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Sunday, June 7, 2009

Freedom Force review

Here is what I have been playing for about a week. It's, simply put, a superhero realtime tactical game with a coat of RPG.

I heard about the game for the first time when they released its sequel, "Freedom Force VS the 3rd Reich" and I tried the demo. I remember not being thrilled by it as it felt clunky and difficult, in spite of a bunch of charismatic characters and a nice superheroic homage feel. I know I wasn't much into superheroes back then either, which probably didn't help.

And then, I read that Steam has a promotional pack with Freedom Force 1 & 2 for a very small price, and I get curious again. I grab the demo again, but of the first game this time! And the little tutorial you get to play (Mission 1, really) was just what I needed to realize how fun the game was (the FF2 demo had tutorial bits too, but they were not enough).

The team takes on some bad guys

How does it play?
You go through a campaign which is a string of short missions (about half an hour each on average). You start with one hero and get additional ones as time goes. You can soon pick which heroes deal with the next mission. A bit later, you can recruit new heroes thanks to the Prestige you have acquired. The squad sent on missions can have 4 members max and sometimes one or two characters are forced upon you because of story requirements.

Missions take place on a single map or are divided in two or three chapters if there is a need for a map change. The game is in real-time but you can both pause it (ala Baldur's Gate / NWN) or slow it down at the press of a key... and it's more than needed as dealing with a whole team in real time is nearly impossible.
Objectives are varied : the usual "defeat all", check points to reach, artifacts to activate, time-limited activities, protect the civilians and/or buildings, etc... What you have to do is usually updated throughout a missions as you learn more about what's going on. We're not talking RPG quests though. It's more like the objectives you'd get in a RTS.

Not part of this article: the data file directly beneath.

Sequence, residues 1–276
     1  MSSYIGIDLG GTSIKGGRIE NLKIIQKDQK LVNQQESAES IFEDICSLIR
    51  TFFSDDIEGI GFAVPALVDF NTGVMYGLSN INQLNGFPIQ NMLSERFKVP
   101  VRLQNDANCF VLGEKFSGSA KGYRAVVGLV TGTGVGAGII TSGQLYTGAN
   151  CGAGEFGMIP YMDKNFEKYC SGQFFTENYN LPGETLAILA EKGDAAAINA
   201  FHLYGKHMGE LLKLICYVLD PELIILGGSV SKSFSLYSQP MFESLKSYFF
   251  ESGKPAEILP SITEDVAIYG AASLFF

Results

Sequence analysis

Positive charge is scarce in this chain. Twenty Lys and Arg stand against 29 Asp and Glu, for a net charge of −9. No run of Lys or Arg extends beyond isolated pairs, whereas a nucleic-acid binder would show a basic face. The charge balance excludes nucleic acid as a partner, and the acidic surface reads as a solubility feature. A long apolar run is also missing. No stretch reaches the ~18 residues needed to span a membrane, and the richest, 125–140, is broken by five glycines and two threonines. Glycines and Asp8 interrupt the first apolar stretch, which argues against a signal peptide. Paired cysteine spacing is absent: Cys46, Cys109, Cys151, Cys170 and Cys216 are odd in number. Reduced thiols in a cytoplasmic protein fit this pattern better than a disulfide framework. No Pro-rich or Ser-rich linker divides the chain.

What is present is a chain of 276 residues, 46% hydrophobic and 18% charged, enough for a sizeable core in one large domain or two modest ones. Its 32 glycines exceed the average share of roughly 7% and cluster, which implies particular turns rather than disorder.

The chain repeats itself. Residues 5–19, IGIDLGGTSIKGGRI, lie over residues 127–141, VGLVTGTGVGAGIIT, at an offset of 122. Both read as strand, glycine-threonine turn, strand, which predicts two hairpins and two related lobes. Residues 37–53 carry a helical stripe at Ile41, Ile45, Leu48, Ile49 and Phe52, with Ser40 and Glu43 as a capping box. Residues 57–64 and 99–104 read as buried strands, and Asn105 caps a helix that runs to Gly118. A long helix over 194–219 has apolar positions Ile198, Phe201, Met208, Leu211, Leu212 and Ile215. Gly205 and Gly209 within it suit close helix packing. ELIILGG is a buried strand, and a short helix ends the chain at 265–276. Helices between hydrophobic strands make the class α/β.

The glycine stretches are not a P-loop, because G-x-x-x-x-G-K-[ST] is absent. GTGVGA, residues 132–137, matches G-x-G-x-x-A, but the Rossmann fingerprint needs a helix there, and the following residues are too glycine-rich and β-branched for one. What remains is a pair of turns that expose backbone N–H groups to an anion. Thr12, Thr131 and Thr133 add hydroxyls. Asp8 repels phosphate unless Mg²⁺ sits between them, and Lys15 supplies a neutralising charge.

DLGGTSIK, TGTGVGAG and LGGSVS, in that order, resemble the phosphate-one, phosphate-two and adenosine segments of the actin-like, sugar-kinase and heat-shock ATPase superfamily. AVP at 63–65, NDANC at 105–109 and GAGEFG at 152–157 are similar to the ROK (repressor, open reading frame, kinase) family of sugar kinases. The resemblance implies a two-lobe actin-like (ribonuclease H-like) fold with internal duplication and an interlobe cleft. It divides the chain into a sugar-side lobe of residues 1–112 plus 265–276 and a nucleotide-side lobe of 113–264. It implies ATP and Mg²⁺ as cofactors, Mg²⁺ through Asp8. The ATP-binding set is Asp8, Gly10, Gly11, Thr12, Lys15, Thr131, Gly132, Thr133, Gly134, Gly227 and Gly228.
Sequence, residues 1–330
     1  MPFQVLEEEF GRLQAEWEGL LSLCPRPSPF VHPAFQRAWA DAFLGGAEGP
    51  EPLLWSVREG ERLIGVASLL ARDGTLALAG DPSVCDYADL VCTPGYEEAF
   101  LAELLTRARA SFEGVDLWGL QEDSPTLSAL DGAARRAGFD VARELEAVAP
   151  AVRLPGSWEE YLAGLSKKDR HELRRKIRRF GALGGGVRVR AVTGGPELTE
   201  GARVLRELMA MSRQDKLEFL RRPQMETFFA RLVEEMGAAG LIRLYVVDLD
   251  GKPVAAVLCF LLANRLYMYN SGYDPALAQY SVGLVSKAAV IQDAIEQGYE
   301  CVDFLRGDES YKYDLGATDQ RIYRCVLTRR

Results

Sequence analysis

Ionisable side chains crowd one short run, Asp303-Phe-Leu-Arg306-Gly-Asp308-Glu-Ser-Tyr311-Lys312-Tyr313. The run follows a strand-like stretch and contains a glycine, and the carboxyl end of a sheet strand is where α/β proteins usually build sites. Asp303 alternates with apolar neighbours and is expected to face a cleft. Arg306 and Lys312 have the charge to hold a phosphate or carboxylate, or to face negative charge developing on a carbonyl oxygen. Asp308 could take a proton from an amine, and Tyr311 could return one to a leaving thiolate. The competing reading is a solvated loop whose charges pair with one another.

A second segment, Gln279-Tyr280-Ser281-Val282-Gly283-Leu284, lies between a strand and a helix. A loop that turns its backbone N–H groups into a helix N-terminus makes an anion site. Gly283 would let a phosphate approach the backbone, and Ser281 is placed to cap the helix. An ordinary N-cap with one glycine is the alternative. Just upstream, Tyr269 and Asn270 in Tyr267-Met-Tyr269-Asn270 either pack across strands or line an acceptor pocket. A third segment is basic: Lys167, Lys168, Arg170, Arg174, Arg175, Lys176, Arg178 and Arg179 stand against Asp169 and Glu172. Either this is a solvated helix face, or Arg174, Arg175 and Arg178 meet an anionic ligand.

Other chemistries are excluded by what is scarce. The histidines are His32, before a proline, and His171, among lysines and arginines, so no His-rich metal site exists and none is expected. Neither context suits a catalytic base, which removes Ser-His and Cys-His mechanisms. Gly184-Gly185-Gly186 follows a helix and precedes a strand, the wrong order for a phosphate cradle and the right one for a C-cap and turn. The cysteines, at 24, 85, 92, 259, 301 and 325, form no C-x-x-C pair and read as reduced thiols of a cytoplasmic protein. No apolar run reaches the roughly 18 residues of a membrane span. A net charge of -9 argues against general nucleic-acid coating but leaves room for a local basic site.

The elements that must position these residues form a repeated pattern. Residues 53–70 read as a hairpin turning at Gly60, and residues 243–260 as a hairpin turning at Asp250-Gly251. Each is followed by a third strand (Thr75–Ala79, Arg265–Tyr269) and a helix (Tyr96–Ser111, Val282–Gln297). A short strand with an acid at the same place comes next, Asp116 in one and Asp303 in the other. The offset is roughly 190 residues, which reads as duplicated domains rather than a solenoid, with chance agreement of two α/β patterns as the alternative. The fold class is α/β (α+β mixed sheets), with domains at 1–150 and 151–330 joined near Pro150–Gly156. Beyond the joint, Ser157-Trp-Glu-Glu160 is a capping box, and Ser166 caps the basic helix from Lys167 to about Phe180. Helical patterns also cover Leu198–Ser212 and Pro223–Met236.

Man-bot and Alchemiss against... a bunch of bad guys!

Now, in all honesty, the game *is* clunky and even hard for various reasons. I didn't really believe the "tactical" part until I got my ass handed to me in one of the early missions.
So yes, it's tactical : there is a lot of friendly fire if you don't watch it. Beams, projectiles, explosions (eek!) and even wide melee attacks are all things you want to consider carefully and you should place your team members where it's safe. Then, there's the fact the game uses a physics engine for a lot of things and maps are not always flat, which makes elevation a good and a bad thing (mainly when it blocks attacks). And I will add that resistances and weaknesses can be the difference between win and lose in some missions. To summarize : it might be a superhero game, but it doesn't mean you fly through as an invincible group, which is nice for the challenge.

Mentor, the "brain" of the team, and his mental powers

About the RPG part. Even though we control superheroes, they are not set in stone from square one. Instead, you get to see them evolve through the campaign. Admittedly, their main attributes (Strength, Speed, etc...) are fixed, but they get new powers and abilities and can upgrade them.
This does mean they get XP, but it's based on a fixed rate : 300 points if they were in the active squad, 200 otherwise. As you can see, the game is not harsh on letting you try everyone out, though you might end up with characters who are not fully developed by the end of the campaign (happened to me).

Overall, it mostly means that you get a sense of accomplishment and reward for going through missions, but it also helps becoming familiarized with initial powers before getting new ones. So it's a rather good thing.

But wait, wait, wait! This is all good but that's not what superheroes are about, right? So let's focus on what makes Freedom Force really fun : mayhem!

Alchemiss sends enemies a-flying

That's what I discovered with the FF demo the second time around : the game does a lot of things to make you feel like you're in a superhero adventure.
First, it provides, through its main characters, many superhero archetypes you would expect in such a game : Minute Man is the usual Captain Something (strong, leader), Alchemiss is the mystical, reality-altering sorceress and Man-Bot is the slow but powerful human-in-a-machine. It's easy to recognize the inspiration for all of them, but the great thing is that they still manage to feel unique : more homage than rip-off if you will.

Traffic light, coming right up!

You also get the powers you would expect : beams of energy or elements, various melee attacks, mental control, regeneration, flying, high-jumpers, jet-fast runners, etc... And for the strong characters, you get the ability to pick up heavy things and either wield them or...

Mind the flying car, robot!